- 13. Rokas A, Galagan JE. The Aspergillus nidulans genome and a comparative analysis of genome evolution in Aspergillus. In: Goldman GH, Osmani SA, editors. The Aspergilli: Genomics, Medical Applications, Biotechnology, and Research Methods. Boca Raton, FL: CRC Press; 2008. p. 43–55.
- 14. Samson RA, Hong S, Peterson SW, Frisvad JC, Varga J. Polyphasic taxonomy of Aspergillus section Fumigati and its teleomorph Neosartorya. Stud Mycol. 2007;59:147–203. pmid:18490953; PubMed Central PMCID: PMC2275200.
- 15. Steenwyk JL, Shen XX, Lind AL, Goldman GH, Rokas A. A robust phylogenomic time tree for biotechnologically and medically important fungi in the genera Aspergillus and Penicillium. mBio. 2019;10(4). pmid:31289177; PubMed Central PMCID: PMC6747717.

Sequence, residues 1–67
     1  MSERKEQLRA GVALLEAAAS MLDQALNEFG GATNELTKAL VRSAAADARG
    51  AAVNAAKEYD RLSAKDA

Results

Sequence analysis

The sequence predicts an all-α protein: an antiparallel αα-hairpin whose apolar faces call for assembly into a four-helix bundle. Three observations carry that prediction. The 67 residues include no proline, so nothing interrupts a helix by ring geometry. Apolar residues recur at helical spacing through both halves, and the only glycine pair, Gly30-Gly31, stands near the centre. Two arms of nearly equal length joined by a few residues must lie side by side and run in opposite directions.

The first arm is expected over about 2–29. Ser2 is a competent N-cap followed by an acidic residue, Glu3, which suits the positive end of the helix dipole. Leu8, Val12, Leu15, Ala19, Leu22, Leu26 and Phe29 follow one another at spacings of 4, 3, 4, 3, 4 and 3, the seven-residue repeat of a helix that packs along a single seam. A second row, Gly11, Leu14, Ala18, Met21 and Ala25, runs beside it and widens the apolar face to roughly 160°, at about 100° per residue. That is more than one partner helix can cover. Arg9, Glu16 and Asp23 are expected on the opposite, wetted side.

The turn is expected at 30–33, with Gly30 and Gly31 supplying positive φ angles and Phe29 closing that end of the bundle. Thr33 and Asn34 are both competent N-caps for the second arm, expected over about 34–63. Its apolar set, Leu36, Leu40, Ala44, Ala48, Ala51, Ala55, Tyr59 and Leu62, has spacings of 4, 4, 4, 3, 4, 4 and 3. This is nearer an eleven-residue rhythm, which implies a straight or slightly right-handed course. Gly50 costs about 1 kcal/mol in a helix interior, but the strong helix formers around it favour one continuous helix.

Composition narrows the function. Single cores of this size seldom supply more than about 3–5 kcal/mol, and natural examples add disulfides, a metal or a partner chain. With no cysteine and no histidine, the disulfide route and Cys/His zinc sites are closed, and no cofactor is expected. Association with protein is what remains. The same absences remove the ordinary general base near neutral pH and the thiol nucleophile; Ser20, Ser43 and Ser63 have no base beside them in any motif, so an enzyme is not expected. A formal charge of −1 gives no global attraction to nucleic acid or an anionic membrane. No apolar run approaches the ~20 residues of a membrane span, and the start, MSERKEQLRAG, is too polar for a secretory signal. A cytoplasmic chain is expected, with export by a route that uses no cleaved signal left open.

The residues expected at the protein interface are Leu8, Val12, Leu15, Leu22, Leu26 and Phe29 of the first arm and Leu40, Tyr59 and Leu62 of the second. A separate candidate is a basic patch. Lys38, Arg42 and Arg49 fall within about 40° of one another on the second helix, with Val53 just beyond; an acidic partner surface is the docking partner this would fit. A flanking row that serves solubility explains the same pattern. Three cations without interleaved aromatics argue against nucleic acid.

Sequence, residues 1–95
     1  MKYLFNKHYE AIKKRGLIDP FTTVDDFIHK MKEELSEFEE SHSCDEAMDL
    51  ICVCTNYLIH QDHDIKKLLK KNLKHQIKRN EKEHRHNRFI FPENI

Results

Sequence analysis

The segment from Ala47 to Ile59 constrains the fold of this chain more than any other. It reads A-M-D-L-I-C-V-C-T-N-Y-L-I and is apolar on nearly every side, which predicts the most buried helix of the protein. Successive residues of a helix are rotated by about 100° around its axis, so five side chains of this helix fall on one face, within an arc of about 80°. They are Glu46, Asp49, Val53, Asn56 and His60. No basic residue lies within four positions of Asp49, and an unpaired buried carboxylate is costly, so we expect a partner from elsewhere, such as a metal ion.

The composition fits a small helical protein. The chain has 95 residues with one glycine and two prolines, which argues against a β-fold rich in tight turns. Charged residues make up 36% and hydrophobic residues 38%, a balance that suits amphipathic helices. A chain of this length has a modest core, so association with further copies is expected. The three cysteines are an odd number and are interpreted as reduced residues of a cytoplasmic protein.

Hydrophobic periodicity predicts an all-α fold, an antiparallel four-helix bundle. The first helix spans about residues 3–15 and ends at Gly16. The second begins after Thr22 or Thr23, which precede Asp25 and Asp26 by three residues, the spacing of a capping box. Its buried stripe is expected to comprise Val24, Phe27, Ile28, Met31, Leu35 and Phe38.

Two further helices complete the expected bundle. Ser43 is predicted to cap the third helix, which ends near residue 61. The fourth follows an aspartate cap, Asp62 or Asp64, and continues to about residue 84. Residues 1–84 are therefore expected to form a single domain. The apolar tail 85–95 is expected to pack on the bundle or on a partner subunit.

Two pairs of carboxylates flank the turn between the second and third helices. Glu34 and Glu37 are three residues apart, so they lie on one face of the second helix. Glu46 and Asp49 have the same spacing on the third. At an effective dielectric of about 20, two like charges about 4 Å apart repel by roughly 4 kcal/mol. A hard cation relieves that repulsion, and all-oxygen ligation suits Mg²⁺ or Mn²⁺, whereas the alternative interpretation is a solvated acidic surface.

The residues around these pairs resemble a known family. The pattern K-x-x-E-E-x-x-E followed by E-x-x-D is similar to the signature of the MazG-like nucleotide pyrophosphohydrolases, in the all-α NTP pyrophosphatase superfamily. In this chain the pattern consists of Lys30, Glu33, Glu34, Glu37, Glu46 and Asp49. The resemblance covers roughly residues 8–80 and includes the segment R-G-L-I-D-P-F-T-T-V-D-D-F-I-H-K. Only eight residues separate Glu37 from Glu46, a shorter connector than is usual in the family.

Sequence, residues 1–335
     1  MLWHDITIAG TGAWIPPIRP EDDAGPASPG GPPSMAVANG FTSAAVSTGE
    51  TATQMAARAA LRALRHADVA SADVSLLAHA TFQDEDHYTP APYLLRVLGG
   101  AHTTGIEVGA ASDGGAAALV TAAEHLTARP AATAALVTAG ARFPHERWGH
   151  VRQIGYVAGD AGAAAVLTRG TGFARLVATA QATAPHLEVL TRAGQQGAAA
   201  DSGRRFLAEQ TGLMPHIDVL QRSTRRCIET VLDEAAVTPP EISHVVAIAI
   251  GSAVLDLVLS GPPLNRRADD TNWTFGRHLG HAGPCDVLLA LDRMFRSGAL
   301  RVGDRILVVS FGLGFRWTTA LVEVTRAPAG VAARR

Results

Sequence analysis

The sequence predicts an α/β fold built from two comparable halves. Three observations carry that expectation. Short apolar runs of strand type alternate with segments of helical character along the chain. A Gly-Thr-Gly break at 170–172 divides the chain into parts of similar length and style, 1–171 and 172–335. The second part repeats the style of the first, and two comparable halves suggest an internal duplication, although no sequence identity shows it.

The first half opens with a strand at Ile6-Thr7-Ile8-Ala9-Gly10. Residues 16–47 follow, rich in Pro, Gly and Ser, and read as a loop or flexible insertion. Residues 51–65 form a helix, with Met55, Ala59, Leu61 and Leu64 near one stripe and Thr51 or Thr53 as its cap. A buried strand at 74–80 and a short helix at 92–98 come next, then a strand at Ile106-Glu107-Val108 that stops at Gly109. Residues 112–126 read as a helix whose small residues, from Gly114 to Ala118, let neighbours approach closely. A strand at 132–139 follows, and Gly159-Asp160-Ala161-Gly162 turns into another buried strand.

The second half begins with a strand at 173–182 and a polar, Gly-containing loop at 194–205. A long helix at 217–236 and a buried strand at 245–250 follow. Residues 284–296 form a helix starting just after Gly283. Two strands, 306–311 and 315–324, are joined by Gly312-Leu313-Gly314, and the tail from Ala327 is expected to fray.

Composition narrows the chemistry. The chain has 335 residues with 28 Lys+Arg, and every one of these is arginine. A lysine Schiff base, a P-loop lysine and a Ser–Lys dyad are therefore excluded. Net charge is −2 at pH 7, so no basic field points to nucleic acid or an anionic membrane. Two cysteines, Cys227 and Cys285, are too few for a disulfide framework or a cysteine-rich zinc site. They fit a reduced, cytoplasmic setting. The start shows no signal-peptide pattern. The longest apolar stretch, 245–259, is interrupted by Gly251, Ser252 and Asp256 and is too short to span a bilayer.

- 16. Hubka V, Barrs V, Dudova Z, Sklenar F, Kubatova A, Matsuzawa T, et al. Unravelling species boundaries in the Aspergillus viridinutans complex (section Fumigati): opportunistic human and animal pathogens capable of interspecific hybridization. Persoonia. 2018;41:142–74. pmid:30728603; PubMed Central PMCID: PMC6344812.
- 17. Kocsube S, Perrone G, Magista D, Houbraken J, Varga J, Szigeti G, et al. Aspergillus is monophyletic: Evidence from multiple gene phylogenies and extrolites profiles. Stud Mycol. 2016;85:199–213. pmid:28082760; PubMed Central PMCID: PMC5220211.
- 18. Seyedmousavi S, Guillot J, Arne P, de Hoog GS, Mouton JW, Melchers WJ, et al. Aspergillus and aspergilloses in wild and domestic animals: a global health concern with parallels to human disease. Med Mycol. 2015;53(8):765–97. pmid:26316211.
- 19. Kwon-Chung KJ, Sugui JA. Aspergillus fumigatus-what makes the species a ubiquitous human fungal pathogen? PLoS Pathog. 2013;9(12). e1003743 10.1371/journal.ppat.1003743. WOS:000330535400002.